I think now, who do I think I am supposed to be vs. who am I really? I am observing - my self, my surroundings, my dreams, my desires - Even my goals of a nuclear family home, heteronormative relationship, home and car ownership can be a product of capitalism… I think I have uncovered some things about myself, I like it, and I find it hard to articulate. But I see so much potential.

Special thanks to Crossroads International and Pro-Link Ghana for facilitating this journey to Accra, Ghana and for introducing me to the Obrapaa Women's Group. It has been another fate-felt inspiring connection which has resulted in beautiful art which I look forward to sharing with the world. 


The Diaspora Homegoing // Pre-Ghana Blog Post

Since returning from Trinidad in June I have been working on developing this passion project - the Women's Entrepreneurship Program. A program that teaches entrepreneurial skills, shares useful tools for business automation and e-commerce, while also touching on personal leadership exploration tailored to women / womyn identifying individuals. The idea was inspired by my work as Entrepreneurship Development Advisor with CUSO International in Dominica in 2013, where I learned how to use anti-oppressive frameworks to build capacity in disadvantaged communities within emerging economies. I've always wanted to visit Ghana (anywhere in Africa, for that matter) and I am excited to do so in the context of furthering my career goals.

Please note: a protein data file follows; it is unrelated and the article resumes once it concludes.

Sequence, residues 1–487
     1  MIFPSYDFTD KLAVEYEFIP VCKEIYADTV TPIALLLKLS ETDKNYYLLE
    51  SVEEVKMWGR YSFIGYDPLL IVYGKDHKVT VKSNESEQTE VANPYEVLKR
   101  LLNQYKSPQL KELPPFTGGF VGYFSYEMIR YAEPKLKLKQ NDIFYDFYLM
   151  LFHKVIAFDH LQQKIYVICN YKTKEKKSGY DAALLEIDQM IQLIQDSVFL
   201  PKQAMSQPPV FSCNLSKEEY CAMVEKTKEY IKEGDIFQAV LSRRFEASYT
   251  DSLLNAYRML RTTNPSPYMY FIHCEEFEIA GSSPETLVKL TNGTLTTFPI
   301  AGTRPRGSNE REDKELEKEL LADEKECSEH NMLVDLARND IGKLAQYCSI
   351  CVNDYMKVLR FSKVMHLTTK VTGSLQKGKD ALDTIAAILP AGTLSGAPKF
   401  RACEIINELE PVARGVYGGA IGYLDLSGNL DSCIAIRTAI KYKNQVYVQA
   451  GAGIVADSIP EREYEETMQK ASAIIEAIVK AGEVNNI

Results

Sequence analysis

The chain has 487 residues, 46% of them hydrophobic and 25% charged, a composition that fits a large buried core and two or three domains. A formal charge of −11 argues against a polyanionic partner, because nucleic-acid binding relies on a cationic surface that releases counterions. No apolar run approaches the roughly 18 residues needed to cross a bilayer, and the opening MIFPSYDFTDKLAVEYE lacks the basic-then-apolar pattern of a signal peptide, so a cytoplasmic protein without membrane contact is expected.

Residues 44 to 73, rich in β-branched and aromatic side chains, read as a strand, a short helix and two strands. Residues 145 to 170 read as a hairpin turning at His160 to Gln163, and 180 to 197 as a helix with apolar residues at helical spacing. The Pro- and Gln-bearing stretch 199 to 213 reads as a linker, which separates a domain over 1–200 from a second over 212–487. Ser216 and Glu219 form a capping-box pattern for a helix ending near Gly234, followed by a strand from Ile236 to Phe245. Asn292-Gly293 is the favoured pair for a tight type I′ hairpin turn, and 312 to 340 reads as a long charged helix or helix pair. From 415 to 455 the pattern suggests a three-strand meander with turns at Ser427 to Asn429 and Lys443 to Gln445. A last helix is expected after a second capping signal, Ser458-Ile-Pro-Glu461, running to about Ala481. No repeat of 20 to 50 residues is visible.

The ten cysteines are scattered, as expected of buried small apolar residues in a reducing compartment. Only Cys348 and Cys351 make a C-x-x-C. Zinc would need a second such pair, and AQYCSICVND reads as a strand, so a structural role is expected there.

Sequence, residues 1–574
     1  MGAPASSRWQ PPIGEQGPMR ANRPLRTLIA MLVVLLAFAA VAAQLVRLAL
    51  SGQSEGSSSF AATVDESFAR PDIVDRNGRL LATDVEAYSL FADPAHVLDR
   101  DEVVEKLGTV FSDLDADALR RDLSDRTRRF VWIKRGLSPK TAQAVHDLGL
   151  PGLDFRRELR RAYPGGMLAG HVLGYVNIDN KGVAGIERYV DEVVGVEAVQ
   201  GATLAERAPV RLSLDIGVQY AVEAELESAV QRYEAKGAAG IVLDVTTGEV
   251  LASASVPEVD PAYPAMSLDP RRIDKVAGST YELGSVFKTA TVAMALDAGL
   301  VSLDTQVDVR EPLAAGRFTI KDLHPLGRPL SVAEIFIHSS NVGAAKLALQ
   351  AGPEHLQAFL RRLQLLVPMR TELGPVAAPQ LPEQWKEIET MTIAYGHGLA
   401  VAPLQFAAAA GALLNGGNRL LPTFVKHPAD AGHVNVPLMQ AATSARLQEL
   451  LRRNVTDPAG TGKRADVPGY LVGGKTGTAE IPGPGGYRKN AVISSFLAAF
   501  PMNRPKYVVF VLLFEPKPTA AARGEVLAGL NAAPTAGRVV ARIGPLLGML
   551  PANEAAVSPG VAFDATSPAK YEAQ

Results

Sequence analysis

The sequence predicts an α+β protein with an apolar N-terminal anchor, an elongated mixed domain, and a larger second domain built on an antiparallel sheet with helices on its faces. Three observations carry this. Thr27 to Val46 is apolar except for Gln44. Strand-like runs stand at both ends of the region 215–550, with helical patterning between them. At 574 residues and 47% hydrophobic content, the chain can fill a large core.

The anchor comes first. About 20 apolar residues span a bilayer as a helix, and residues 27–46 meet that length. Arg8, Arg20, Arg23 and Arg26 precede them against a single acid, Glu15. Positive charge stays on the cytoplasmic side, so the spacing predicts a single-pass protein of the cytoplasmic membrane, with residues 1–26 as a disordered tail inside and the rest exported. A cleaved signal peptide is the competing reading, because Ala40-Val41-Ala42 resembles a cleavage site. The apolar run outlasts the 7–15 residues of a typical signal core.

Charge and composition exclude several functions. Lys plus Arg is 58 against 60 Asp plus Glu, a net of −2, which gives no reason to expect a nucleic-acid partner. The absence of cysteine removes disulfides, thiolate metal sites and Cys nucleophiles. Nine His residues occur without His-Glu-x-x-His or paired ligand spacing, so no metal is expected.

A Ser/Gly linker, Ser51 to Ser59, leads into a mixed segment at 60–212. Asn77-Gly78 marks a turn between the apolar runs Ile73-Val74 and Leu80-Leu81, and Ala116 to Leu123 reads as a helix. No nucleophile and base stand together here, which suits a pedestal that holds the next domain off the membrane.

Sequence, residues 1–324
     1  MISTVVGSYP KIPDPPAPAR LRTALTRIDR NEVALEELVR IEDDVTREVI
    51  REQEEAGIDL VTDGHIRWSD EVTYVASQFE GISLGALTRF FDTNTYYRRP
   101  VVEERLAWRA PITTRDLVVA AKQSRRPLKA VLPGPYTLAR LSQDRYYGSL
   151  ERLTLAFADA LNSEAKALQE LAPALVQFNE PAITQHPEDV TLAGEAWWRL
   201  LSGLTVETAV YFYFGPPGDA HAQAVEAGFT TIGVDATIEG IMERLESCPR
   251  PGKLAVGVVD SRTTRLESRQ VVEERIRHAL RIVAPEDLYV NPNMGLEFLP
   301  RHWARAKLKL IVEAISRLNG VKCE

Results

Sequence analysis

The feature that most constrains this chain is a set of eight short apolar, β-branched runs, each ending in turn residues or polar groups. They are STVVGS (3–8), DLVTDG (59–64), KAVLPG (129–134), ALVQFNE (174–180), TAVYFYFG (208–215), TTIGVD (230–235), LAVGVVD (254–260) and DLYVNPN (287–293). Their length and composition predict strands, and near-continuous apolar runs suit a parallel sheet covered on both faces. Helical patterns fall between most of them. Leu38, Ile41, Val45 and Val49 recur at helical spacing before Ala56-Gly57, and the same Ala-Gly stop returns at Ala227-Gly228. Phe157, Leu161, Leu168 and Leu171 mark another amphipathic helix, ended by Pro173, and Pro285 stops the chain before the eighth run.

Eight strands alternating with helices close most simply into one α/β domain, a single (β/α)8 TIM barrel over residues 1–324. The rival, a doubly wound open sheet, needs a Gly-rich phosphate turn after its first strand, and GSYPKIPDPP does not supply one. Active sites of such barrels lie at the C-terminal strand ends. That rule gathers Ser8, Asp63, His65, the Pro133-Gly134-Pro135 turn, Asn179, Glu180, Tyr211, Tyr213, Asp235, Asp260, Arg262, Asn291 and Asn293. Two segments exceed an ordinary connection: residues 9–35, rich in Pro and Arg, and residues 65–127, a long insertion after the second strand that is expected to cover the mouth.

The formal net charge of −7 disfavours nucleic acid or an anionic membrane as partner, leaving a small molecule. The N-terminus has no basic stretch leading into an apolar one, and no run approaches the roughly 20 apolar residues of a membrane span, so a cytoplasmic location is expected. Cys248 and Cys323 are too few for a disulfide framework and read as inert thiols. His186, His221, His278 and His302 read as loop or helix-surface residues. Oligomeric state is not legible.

This time, instead of staying for 6 months, I'll be staying for 6 weeks. The Women's Entrepreneurship Program is supported by Crossroads International, will run for 5 weeks and will take place in an area called Agbogbloshie, in Accra's city centre. Agbogbloshie is infamous for being one of the world's largest e-waste sites. It is a digital dumping ground on top of a former wetland, where more developed countries like ours send our computers and cell phones to die. Add that to the fact that socio-economic and environmental disadvantages disproportionately affect women in developing communities. The group of women I will be working with live there, an area which so blatantly shows the unseen (by westerners) implications of a technologically advancing society. The new iPhone replaces the last, which only came out last year, and through such effective marketing we are implored to purchase. The externalized cost of our phones, computers, and other devices are paid by other communities, exposed to the toxicity on a daily basis.